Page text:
Watch as these women literally read themselves towards climax. Ah-ah-ah-mazing.

Could you calmly read a book while having an orgasm?

These women all tried, and each of them failed.

Welcome to the world of Hysterical Literature – an art project in which women sit at a table and begin reading from their favourite book, while they are pleasured with a vibrator until they climax. You know, the usual.

Artist Clayton Cubitt came up with the idea in 2012, and the subsequent ‘sessions’ on Youtube have racked up over 20 million hits. So, um, what does this have to do with art? Well, the official website says:

“It explores feminism, mind/body dualism, distraction portraiture, and the contrast between culture and sexuality. (It’s also just really fun to watch.)”

So, basically, because art, okay?

Each session focuses on one woman, and usually takes between five to ten minutes (that unseen assistant under the table must be very good at their job). The women gradually become more and more flustered, until eventually they become too distracted to continue reading. Then they… finish.

And that’s it.

Take a look (and skip to closer to the end if you want to see the NSFW juicy bits):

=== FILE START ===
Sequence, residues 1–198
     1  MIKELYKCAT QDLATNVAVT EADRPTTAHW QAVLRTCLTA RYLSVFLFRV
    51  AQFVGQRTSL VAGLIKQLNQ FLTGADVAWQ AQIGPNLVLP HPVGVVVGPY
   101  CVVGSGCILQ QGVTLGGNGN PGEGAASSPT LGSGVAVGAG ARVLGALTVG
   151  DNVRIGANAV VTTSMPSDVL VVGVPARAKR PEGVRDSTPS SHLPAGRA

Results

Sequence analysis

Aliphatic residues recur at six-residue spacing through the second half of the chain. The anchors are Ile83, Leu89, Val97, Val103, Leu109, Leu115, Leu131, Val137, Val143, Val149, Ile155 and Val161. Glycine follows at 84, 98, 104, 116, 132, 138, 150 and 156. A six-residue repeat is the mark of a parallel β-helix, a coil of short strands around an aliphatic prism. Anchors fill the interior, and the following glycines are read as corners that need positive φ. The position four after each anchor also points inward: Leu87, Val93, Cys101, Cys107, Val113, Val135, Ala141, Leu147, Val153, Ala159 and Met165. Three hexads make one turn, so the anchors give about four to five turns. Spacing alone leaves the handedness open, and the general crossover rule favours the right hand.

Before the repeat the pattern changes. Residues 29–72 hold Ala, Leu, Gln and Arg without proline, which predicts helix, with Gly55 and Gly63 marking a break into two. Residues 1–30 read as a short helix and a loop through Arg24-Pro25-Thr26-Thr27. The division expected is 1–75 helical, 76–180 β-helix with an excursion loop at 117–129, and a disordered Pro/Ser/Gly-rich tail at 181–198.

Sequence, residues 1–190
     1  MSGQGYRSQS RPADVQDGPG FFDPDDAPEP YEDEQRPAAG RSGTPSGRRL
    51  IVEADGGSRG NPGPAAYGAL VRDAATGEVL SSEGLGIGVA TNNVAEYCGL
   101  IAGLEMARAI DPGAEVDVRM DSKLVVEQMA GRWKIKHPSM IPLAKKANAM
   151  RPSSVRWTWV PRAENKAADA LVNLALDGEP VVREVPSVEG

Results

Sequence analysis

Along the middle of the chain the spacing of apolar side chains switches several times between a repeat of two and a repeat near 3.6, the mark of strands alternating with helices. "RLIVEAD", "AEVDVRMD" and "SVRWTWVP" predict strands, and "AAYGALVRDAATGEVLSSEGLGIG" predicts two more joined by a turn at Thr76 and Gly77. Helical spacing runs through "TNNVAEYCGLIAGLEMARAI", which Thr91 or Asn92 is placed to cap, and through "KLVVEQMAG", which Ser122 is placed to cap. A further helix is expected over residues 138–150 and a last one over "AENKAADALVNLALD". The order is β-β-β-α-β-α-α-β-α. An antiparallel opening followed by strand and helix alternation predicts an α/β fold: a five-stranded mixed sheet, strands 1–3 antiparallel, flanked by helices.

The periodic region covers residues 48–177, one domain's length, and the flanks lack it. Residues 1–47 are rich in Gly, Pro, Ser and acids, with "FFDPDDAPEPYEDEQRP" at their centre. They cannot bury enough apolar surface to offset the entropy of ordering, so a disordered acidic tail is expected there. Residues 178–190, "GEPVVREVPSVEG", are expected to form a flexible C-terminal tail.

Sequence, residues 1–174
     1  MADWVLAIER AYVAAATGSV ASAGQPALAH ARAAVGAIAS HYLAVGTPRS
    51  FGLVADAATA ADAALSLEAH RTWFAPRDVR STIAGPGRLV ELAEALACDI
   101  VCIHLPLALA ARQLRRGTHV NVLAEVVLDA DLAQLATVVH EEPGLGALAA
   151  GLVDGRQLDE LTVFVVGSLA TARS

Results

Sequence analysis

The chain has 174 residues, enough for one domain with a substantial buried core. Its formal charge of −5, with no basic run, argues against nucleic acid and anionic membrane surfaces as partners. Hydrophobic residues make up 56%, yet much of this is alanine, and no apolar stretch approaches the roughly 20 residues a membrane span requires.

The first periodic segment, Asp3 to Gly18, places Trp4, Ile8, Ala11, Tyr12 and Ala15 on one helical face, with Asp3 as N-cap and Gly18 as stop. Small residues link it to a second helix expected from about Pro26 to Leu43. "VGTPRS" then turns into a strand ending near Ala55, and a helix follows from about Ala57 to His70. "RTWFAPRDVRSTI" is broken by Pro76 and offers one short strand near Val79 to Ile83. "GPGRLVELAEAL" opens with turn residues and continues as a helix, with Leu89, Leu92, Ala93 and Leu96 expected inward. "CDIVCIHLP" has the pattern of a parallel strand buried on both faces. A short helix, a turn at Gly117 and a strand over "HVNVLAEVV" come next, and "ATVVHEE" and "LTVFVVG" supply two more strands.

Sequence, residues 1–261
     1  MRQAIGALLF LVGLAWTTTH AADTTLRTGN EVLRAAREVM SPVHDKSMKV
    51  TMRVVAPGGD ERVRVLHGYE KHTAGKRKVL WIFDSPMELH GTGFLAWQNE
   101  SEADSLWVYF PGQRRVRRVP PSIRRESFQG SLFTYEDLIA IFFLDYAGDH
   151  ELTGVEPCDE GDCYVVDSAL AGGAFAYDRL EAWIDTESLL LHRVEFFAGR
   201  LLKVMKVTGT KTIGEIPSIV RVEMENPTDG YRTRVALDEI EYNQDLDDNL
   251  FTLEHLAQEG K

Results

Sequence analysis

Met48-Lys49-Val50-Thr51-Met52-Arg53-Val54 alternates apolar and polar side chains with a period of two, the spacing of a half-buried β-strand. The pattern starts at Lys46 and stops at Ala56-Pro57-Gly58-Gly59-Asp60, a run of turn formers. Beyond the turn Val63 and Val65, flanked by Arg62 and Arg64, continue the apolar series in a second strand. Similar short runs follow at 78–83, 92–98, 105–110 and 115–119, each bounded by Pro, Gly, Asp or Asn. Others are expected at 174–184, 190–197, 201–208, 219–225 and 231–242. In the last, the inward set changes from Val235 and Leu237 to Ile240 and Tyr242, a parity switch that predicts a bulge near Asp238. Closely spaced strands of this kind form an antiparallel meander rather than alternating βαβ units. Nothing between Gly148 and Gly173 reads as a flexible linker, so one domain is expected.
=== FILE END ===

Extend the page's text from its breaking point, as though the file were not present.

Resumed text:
There’s even one with actress and comedian Margaret Cho:

Apparently it’s allowed on Youtube because all the NSFW bits happen under the table. But artist Cubitt says he doesn’t understand why anyone would be offended anyway: “It’s not literally showing any sex,” he says. “The sex is hidden. The viewer would have to object to the very concept of sex to object to Hysterical Literature. And in so doing, what does that say about them?”

That being said, he still understands that the concept is controversial – that’s why he’s never allowed comments on any of the Youtube videos: “No one has ever regretted disabling comments on any art that relates to sex. Sex has a tendency to make smart people dumb.”

Art aside, there’s one question that everybody who watches these videos wants answered… Are the women faking it?

Cubitt says there’s no definite answer: “The readers are given no instruction to perform one way or another, aside from being asked to read,” Cubitt says. “What they choose to read and how they choose to react rests entirely with them.”

Well there you go.

If you want to look at more video sessions, head to the Hysterical Literature Youtube channel right here.

To read more about the project (or to volunteer, if you’re so inclined) head to